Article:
India's foremost political family, the Gandhis, have a tradition of looking at the country's south for electoral validation. Can they succeed this time?
Rahul Gandhi, the president of India's leading opposition party Congress, recently filed his nomination for the upcoming general election from Wayanad, a remote district in south India's Kerala state. He followed it up with an energetic and well-attended roadshow of the kind the sleepy town has not seen in a long time.
This is the first time that Gandhi will step out of his family pocket borough of Amethi in Uttar Pradesh (UP) for an electoral contest since he fought his first election from there 15 years ago. Gandhi isn’t abandoning his current seat though. He’ll be contesting from two seats, repeating a feat that few national leaders have resorted to in the past.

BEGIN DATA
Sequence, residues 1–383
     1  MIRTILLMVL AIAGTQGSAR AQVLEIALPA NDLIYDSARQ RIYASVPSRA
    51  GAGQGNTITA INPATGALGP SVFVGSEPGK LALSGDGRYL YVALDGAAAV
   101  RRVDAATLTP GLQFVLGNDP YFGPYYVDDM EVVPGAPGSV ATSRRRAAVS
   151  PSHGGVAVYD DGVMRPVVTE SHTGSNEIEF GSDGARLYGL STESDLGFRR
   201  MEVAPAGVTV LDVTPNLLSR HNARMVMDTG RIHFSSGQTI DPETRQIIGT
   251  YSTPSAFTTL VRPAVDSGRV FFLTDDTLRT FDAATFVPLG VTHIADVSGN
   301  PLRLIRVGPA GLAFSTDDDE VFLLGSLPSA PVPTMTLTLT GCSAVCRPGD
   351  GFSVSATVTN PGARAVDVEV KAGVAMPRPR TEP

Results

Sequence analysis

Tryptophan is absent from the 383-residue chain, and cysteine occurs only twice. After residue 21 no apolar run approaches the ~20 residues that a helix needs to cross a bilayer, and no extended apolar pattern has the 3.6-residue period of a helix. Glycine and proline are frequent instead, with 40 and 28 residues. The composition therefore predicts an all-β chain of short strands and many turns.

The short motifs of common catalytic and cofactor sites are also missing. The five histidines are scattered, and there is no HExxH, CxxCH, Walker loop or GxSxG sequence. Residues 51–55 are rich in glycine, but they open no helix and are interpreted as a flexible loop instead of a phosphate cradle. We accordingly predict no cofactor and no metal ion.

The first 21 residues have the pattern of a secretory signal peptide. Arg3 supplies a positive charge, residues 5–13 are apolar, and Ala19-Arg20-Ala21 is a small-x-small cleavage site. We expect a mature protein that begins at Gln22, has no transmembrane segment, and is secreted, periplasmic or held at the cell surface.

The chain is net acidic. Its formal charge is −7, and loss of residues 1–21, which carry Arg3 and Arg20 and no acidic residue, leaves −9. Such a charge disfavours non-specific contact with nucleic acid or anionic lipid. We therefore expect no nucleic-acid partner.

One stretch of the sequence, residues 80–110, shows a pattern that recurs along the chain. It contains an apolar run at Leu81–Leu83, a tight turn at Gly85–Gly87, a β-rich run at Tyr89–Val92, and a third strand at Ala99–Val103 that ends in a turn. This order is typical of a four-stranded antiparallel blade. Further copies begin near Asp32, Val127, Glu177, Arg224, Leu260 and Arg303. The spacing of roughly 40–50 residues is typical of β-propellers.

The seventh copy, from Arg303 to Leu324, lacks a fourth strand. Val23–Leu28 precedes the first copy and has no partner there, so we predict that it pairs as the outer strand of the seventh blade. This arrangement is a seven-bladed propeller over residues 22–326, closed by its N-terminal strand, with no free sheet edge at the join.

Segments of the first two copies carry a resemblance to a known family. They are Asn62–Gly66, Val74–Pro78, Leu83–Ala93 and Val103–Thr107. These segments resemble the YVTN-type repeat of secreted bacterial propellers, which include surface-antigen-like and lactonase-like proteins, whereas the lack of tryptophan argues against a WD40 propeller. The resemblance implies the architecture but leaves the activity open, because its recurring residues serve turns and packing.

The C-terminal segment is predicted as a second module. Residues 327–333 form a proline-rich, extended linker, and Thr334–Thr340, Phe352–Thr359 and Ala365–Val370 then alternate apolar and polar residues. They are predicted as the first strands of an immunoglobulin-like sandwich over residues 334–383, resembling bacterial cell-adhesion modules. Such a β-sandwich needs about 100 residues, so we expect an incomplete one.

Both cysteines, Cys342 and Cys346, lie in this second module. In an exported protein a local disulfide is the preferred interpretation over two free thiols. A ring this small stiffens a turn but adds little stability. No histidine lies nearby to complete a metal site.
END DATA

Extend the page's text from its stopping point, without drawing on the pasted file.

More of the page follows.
In 2014, Narendra Modi had contested from Varanasi in UP, India’s most populated and politically influential state, resulting in windfall gains for his party -- the Bharatiya Janata Party (BJP) -- there.
The BJP won 71 of the 80 parliamentary constituencies in UP, cruising past the halfway mark of 272 in the lower house of parliament with an absolute majority -- the first for any party in three decades, since Gandhi’s father Rajiv, returned as prime minister in 1984. BJP's spike caused the Congress's seat share to plummet from 206 five years ago, to a mere 44.
The Congress under Gandhi may not be predicted to sweep the election the way the BJP under Modi did in 2014, but he is surely eyeing big gains and following his predecessors in one respect: when in deep trouble, the Nehru-Gandhi clan that gave the country three prime ministers has often turned to South India seeking voter validation.
Indira Gandhi, after losing the 1977 election that followed the general Emergency she had imposed on the country, assuming unbridled powers as the prime minister, contested a bypoll from Chikmagalur in November 1978 and entered parliament as a forceful opposition voice.